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I've never seen a night so long...

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My wife’s 92 year-old grandmother died at 1:15 this morning. At one point eleven of us were in the room and all eleven were touching her, watching as each “last breath” took 40 seconds to be replaced by yet one more—for an excruciating 12 hours. And that doesn’t include the previous 48 hours at the hospital with even my 12 and 10 year-old daughters bravely staying overnight to be there for Gram. I’m so proud of those girls. They chose the path least taken for someone else’s sake.

I brought them home to join the two younger kids last night when we realized that the gentle passing we’d hoped for would never come. Death never arrives on our own terms. I’d forgotten that last night and had to be reminded. But they saw what it was like. Solemn, gentle nurses making their rounds, the tears and laughs, our hushed voices, a clock ticking relentlessly in the corner. Yeah, it really does happen to everyone. Now they know. My 12 year-old daughter will play Green Day’s “Time of Your Life” at Friday’s funeral, a four-hour drive from here.

For twelve years of public school Gram rode her horse to a one-room schoolhouse against a backdrop of breathtaking Idaho mountains. Her family and friends were cowboys; she danced and flirted at the grange hall, and taught school for 37 years. She wrote stories, poems and newspaper columns and lost her first husband to an accident on the ranch. An enlarged six-foot sepia of him in chaps and spurs and ten-gallon hat adorns our home today. She raised three strong sons I am proud to call my friends. Her world is passing away and I will miss her.

I’m posting this because it’s something I need to share. It’s something worth knowing too, as she was someone worth knowing. I also wanted express my pride in my children for facing something so grave and fundamental with such courage. They exceed all my expectations and I feel so lucky to know them. My wife, as always, was a rock.

I've never seen a night so long,

When time goes crawling by;

The moon just went behind a cloud;

I'm so lonesome I could cry.

The silence of a falling star

Lights up a purple sky;

And as I wonder where you are,

I'm so lonesome I could cry.

--Hank Williams--

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Sorry about your loss. I hope this will help.


When I must leave you for a little while,please do not grieve and shed wild tears and hug your sorrow to you through the years;but start out bravely with a gallant smile;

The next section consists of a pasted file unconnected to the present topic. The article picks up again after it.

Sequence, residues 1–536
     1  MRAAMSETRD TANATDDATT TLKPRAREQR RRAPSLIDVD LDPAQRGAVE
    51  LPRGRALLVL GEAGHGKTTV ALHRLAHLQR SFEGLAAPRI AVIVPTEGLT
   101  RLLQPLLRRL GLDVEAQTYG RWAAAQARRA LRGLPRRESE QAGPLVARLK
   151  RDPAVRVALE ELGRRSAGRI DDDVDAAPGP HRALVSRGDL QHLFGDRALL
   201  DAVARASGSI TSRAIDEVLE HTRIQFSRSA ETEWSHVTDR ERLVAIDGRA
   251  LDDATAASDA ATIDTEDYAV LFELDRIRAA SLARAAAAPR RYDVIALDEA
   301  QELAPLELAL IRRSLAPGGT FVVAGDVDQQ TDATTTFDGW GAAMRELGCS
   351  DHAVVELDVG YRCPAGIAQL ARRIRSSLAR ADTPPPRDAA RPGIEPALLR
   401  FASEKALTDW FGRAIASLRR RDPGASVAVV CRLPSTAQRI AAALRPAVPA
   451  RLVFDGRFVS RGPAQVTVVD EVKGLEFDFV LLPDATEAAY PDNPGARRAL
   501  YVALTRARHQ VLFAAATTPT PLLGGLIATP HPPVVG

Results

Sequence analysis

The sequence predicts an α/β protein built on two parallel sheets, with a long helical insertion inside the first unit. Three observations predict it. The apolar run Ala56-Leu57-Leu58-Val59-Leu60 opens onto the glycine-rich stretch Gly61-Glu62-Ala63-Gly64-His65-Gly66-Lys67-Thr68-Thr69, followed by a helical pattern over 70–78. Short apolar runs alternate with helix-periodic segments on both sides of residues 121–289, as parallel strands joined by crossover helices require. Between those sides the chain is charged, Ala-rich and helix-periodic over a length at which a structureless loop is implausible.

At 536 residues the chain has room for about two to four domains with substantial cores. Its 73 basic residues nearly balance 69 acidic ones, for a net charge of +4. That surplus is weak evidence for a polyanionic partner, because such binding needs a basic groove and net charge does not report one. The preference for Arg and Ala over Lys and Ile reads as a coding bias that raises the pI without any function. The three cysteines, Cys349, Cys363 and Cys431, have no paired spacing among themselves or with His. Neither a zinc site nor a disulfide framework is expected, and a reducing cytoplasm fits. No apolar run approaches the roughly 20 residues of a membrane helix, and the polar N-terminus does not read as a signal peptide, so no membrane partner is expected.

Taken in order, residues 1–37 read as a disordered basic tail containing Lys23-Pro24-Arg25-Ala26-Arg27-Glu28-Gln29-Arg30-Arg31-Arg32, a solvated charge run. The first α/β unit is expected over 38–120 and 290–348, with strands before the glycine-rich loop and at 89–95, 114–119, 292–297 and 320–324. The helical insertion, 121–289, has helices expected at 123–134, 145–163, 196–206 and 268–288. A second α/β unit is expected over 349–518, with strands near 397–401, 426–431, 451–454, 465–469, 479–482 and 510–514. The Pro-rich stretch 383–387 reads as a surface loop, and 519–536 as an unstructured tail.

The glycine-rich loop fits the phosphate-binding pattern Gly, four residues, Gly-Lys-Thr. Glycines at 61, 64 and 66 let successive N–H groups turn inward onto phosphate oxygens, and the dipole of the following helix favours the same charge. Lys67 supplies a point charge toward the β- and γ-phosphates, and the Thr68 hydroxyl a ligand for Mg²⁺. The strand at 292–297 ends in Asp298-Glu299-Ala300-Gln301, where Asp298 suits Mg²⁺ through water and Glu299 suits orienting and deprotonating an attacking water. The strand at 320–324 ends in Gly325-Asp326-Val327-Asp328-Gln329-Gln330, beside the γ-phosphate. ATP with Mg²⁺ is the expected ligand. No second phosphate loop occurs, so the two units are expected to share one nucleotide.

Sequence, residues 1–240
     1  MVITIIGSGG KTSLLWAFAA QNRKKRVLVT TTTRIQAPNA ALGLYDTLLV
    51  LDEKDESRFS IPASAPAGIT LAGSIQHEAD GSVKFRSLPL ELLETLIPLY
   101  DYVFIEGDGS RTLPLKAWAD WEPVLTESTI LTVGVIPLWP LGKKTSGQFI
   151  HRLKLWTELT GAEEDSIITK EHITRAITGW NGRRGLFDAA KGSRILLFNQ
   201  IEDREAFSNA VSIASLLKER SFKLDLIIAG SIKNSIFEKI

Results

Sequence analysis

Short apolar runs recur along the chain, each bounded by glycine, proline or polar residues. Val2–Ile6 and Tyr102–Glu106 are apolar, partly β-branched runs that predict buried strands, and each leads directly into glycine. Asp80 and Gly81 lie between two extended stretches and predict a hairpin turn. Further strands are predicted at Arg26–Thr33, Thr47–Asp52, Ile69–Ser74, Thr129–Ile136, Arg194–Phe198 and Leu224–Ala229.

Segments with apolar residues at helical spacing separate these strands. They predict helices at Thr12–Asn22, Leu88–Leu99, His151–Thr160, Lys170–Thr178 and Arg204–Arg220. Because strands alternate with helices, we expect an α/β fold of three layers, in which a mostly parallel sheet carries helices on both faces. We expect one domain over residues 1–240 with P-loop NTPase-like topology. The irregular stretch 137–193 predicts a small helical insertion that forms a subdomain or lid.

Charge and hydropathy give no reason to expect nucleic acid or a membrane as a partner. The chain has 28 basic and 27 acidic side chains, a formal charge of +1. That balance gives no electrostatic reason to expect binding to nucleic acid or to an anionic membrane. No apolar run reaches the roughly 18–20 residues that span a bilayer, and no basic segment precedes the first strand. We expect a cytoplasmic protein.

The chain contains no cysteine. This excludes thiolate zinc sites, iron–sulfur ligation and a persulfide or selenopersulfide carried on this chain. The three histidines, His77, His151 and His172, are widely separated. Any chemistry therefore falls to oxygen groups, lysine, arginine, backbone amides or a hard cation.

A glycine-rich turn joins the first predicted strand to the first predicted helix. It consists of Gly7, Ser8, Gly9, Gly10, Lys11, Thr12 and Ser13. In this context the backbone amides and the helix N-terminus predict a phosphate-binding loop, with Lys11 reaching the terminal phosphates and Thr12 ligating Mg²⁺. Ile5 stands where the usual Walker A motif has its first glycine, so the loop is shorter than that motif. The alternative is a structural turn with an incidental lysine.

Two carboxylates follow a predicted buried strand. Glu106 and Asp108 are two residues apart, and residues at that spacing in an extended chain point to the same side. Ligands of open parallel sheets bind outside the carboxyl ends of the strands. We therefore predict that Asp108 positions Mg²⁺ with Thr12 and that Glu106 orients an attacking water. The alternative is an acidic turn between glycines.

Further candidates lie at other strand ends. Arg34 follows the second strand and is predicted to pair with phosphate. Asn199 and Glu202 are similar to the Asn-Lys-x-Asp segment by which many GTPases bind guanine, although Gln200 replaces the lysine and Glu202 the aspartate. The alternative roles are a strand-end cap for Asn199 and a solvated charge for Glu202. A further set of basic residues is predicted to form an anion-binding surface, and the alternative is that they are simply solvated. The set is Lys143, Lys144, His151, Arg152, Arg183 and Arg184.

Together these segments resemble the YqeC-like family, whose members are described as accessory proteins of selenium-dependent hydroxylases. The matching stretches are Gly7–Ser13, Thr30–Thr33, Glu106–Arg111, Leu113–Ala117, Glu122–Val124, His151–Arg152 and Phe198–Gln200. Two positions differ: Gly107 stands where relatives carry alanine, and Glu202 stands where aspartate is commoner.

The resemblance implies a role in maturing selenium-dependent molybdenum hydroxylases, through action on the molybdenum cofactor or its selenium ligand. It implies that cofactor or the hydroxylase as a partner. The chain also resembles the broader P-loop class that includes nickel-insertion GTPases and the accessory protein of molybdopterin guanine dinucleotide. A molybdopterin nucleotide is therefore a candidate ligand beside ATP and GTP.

And for my sake and in my name live on and do all the things the same,feed not your loneliness on empty days,but fill each walking hour in useful ways;

Reach out your hand in comfort and in cheer and I in turn will comfort you and hold you near;and never never be afraid to die,for I am waiting for you in the sky!

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When my father-in-law passed on earlier this year, one of my best friends sent this to me to share with my family. I hope will add comfort to yours in this time of sorrow.

I wish you and your family well.


At an airport I overheard a father and daughter in their last moments together.

They had announced her plane's departure and standing near the door, he said to his daughter, "I love you, I wish you enough".

She said, "Daddy, our life together has been more than enough. Your love is all I ever needed. I wish you enough, too, Daddy."

They kissed good-bye and she left.

He walked over toward the window where I was seated.

Standing there I could see he wanted and needed to cry.

I tried not to intrude on his privacy, but he welcomed me in by asking, "Did you ever say good-bye to someone knowing it would be forever?"

"Yes, I have," I replied.

Saying that brought back memories I had of expressing my love and appreciation for all my Dad had done for me.

Recognizing that his days were limited, I took the time to tell him face to face how much he meant to me.

So I knew what this man was experiencing.

"Forgive me for asking, but why is this a forever good-bye?" I asked.

"I am old and she lives much too far away. I have challenges ahead and the reality is, her next trip back will be for my funeral, " he said.

"When you were saying good-bye I heard you say, 'I wish you enough.' May I ask what that means?"

He began to smile. "That's a wish that has been handed down from other generations. My parents used to say it to everyone."

He paused for a moment and looking up as if trying to remember it in detail, he smiled even more.

"When we said 'I wish you enough,' we were wanting the other person to have a life filled with enough good things to sustain them," he continued and then turning toward me he shared the following as if he were reciting it from memory. "I wish you enough sun to keep your attitude bright. I wish you enough rain to appreciate the sun more. I wish you enough happiness to keep your spirit alive. I wish you enough pain so that the smallest joys in life appear much bigger. I wish you enough gain to satisfy your wanting. I wish you enough loss to appreciate all that you possess. I wish enough "Hello's" to get you through the final "Good-bye."

He then began to sob and walked away.

My friends and loved ones, I wish you ENOUGH!!!

They say, "It takes a minute to find a special person, an hour to appreciate them, a day to love them, but then an entire life to forget them."

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Sorry to hear about that Bert. Your story is eerily similar to that which accompanied my older brother's death abot 10 years ago.

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Sorry to hear about your loss Bert. It sounds like she was a wonderful person. I'm sure you will do a great job carrying on her memory.

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